In this post, my fellow Virginia lawyer at Blawg De Novo wrote:
"As a Catholic (and a lawyer), I can tell you Kaine’s logic is very easy to understand. The disconnect appears to be with those who have difficulty understanding the ability to separate the individual religious view from the oath of office, a concept apparently as novel today as it was when it was drafted into the Constitution."
I'm not following the logic, and so I wrote this comment:
"It appears to me that a governor’s oath of office does not require him to 'enforce' the death penalty. To the contrary, under the Virginia Constitution and by statute, the power without limitation to commute a death sentence in any (or every) case is vested solely in the Governor. Va. Code § 53.1-229. If there are substantive limits on the Governor’s discretion, I don’t know what they are, short of malfeasance or corruption that would justify removal from office."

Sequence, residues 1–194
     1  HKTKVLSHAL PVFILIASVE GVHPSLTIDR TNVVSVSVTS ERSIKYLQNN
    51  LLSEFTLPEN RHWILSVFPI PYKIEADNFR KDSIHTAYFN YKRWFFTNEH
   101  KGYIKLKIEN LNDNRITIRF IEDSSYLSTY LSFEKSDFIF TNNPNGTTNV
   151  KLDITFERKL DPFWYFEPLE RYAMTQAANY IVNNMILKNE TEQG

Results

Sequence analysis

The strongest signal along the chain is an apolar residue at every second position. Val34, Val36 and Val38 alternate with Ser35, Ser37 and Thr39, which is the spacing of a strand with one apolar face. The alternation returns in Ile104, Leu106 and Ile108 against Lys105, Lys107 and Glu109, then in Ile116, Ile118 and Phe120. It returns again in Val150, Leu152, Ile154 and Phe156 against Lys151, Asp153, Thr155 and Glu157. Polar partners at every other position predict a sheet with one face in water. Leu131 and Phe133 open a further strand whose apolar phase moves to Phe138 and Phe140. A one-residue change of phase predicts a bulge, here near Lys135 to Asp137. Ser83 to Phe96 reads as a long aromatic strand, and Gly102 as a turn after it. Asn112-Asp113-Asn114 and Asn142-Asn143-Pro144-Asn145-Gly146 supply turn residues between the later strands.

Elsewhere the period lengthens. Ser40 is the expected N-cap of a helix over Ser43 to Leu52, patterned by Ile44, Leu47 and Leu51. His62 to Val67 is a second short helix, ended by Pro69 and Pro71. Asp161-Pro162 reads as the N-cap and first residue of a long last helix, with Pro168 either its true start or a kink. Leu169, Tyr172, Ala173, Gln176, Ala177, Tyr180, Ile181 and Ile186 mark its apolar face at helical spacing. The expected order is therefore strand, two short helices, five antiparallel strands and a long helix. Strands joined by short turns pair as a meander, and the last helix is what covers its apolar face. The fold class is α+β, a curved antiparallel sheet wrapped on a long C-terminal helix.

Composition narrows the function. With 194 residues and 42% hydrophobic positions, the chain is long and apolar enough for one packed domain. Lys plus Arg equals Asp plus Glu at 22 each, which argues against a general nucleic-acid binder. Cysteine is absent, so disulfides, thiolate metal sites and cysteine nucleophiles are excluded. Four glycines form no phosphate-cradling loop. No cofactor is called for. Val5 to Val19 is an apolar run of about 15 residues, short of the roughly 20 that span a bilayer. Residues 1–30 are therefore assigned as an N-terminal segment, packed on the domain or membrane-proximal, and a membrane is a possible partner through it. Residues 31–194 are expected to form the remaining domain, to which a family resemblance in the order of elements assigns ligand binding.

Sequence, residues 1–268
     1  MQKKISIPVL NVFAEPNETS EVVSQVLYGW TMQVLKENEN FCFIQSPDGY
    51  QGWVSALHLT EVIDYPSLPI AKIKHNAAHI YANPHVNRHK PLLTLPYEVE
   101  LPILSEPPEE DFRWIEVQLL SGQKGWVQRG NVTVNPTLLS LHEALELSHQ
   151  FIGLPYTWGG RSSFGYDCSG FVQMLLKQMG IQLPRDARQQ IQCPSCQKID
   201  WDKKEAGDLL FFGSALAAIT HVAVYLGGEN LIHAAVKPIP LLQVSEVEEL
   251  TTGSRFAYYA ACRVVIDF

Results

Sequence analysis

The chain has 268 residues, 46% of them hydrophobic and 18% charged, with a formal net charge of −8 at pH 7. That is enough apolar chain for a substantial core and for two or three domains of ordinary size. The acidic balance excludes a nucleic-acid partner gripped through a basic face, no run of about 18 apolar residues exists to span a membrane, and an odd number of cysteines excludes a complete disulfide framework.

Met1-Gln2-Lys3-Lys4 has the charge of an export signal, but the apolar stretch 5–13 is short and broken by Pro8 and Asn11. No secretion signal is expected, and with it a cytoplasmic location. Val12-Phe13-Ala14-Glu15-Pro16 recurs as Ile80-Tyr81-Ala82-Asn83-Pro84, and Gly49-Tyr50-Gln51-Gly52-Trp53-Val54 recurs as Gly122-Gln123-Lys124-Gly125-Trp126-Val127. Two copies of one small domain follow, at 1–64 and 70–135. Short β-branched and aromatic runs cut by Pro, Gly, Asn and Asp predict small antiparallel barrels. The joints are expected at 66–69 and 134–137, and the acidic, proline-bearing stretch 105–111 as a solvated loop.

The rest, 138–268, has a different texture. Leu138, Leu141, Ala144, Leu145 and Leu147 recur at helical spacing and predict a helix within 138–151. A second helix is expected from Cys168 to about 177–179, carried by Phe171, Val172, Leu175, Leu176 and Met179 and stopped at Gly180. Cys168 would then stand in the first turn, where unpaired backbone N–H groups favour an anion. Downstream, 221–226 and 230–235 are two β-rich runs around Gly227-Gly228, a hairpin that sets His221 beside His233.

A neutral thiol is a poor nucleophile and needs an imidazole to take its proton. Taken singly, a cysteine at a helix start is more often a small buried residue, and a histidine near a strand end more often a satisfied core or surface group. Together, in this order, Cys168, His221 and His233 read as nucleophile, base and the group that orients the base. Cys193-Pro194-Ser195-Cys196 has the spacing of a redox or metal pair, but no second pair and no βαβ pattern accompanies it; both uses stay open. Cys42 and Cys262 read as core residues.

In other words, the point is not that there is a conflict between Virginia law and Mr. Kaine's views on the death penalty, but rather the opposite: the law would empower Mr. Kaine as governor to do whatever he sees fit in dealing with death penalty cases. Certainly, every governor should be vigilant in the exercise of his power of executive clemency. One would expect, however, that a Governor with a categorical objection to the death penalty might be more expansive in his use of that power, in ways that many Virginians might find objectionable.